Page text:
I am a middle aged woman with Parkinson's Disease. When I was first diagnosed I spent a lot of time researching the disease. Seeing a video of a man in the advanced stages of the disease attempting to get out of his chair and then "freezing" as he tried to walk across the room got me off my butt and moving. Great adventures on the Camino de Santiago and with TEAM Pedaling for Parkinson's across IOWA, as well as the day to day adventures of life have lead me to writing. My first novel, a memoir, was published early 2019. It is called, you got it THE RIBBON OF ROAD AHEAD. Living with the degenerative neurological disease Parkinson's, ULTREIA is a word that guides me. I have chosen it as the name of my business ULTREIA BOOKS. It comes from Latin and old French and means "unfailing courage". In the old days, pilgrims would call "Ultreïa" to each other as encouragement "Go up, go further!" Nowadays we would say "You can do this thing". It takes courage to live with Parkinson's. May I face each day with unfailing courage. Ab Here is more about me; I was living an active lifestyle riding horses, hiking, climbing and snow skiing when at age fifty she was diagnosed with Parkinsons. Retiring from her career as a speech-language pathologist she decided to “take to the road” to battle the disease. Her first steps, walking out her door to the mailbox, lead to trekking over 1000 miles of pilgrimage trails on the Camino de Santiago in France and Spain. A dusty bike discovered in the garage resulted in four rides on the Des Moines Register’s Annual Great Bike Ride Across Iowa with the Pedaling for Parkinsons Team. These adventures inspired her to write a memoir The Ribbon of Road Ahead: One Woman’s Remarkable Journey with Parkinson’s Disease. Carol blogs about her everyday life as a middle-aged woman in the mid-stages of Parkinson’s disease. Her honest, humorous and casual narrative style brings the reader to an intimate understanding of Carol’s resilience and acceptance. Her blog, sharing the name of her book ”The Ribbon of Road Ahead” can be found at www.ultreiablog.org After completing a Masters of Science in Speech Pathology from Eastern Washington University Carol received certification in School Leadership and Administration from Lewis and Clark College. She provided speech pathology services and was a program director for 32 years in the wide geographic expanse of eastern Oregon. Active in the Oregon Speech-Language and Hearing Association she received honors of the association and the presidential award for her work on recruitment and retention of speech and hearing professionals. Carol presented numerous papers and projects at local, state and regional professional conferences. She was appointed by Governor Ted Kulongoski to two terms of the Oregon Board of Examiners of Speech Pathology and Audiology, the state’s licencing and consumer protection agency. Since her diagnosis in 2008, Carol has become active in the Parkinson’s Community as an advocate, an Ambassador for the Davis Phinney Foundation and support group facilitator for Parkinson's Resources of Oregon. She was appointed the regional patient representative for the Parkinson's Foundation’s Women with PD TALK study. In September of 2019 the Michael J Fox Foundation selected Carol to participate in the Parkinson’s Policy Forum in Washington DC. As an attendee at the World Parkinson Congress in 2016 in Portand, Oregon, Carol presnted a poster session examining the decision making process for patients considering deep brain stimulaiton. At the 2019 WPC in Kyoto, Japan she presented a poster on vision concerns of women with PD and lead small group discussions. Her book The Ribbon of Road Ahead has provided many speaking opportunities for Carol. In 2019 and early 2020 she visited 24 support groups in Washington, Idaho, Oregon and California to share her thoughts on living well with the disease. In addition, she has presented talks for The Center on Aging in San Francisco, Parkinson's Place in Las Vegas, Northwest Parkinson's Foundation in Richland WA and virtually through their HOPE online program. In late 2020 she rejuvenated her voice and narrated her book. It became available as an audio book in 2021. As part of this project she read stories over the airwaves on RadioParkies Australia with DJ Madonna and in Great Britain with DJ Johnny Parky. She and her husband Charlie have two adult sons. They live on a small hobby farm in eastern Oregon. Contact Information: Carol Clupny PO BOX 128, Hermiston, OR 97838 caclupny@gmail.com (541) 720-4256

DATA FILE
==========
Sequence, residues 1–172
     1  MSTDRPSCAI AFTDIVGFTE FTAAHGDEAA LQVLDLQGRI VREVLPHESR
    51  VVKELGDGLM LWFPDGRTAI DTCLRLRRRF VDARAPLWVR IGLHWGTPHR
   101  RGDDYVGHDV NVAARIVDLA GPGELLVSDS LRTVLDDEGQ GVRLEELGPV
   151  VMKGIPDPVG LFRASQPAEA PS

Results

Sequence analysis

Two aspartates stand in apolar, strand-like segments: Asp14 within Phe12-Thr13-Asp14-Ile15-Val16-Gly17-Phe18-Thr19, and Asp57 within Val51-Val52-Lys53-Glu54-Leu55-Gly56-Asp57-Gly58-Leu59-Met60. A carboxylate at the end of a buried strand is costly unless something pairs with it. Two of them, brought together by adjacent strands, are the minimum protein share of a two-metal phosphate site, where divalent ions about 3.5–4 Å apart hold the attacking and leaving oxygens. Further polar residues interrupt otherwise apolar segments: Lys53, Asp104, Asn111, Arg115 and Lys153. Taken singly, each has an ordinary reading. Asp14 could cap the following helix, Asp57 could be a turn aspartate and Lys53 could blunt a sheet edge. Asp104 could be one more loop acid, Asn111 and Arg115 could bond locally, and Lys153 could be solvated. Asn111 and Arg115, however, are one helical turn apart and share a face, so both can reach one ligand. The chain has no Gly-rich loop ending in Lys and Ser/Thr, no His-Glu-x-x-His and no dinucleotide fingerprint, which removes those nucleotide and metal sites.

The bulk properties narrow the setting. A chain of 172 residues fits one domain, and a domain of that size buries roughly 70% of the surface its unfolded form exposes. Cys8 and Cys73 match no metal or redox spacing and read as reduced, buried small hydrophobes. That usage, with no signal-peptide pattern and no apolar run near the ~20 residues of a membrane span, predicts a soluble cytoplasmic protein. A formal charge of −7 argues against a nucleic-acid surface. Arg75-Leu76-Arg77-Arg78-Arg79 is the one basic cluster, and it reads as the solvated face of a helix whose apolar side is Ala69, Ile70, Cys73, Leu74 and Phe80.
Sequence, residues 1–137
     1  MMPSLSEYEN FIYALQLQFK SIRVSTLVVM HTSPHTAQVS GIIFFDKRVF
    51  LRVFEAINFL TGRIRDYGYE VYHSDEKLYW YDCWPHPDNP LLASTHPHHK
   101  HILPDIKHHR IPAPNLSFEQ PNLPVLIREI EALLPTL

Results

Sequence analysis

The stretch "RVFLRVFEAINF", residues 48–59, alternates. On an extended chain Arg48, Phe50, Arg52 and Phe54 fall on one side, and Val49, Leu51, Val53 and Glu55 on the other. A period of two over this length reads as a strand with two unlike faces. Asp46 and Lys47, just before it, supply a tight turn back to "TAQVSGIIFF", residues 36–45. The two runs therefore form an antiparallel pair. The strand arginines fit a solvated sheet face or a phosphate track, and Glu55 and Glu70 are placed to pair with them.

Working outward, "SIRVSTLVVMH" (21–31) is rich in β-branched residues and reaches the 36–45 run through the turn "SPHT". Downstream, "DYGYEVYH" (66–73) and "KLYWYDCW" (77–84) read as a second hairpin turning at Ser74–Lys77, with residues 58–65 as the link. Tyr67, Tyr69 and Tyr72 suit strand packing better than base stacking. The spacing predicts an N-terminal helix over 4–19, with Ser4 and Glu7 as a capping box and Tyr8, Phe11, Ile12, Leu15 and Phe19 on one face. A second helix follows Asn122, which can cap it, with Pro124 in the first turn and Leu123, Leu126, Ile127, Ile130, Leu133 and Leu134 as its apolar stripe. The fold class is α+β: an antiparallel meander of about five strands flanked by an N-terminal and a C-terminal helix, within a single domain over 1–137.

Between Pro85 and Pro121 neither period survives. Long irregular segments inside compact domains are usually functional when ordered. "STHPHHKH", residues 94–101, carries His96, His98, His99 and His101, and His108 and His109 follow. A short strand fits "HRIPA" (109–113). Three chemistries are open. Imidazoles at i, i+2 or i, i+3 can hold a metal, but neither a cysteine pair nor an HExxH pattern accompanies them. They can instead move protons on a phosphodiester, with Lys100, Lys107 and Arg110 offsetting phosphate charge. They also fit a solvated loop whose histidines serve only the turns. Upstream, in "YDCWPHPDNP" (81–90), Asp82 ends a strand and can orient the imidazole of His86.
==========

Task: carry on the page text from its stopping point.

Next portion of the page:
3 thoughts on “Birthday Weekend

  1. what a story! I love how the occasion blossomed into something really special–esp in this pandemic time!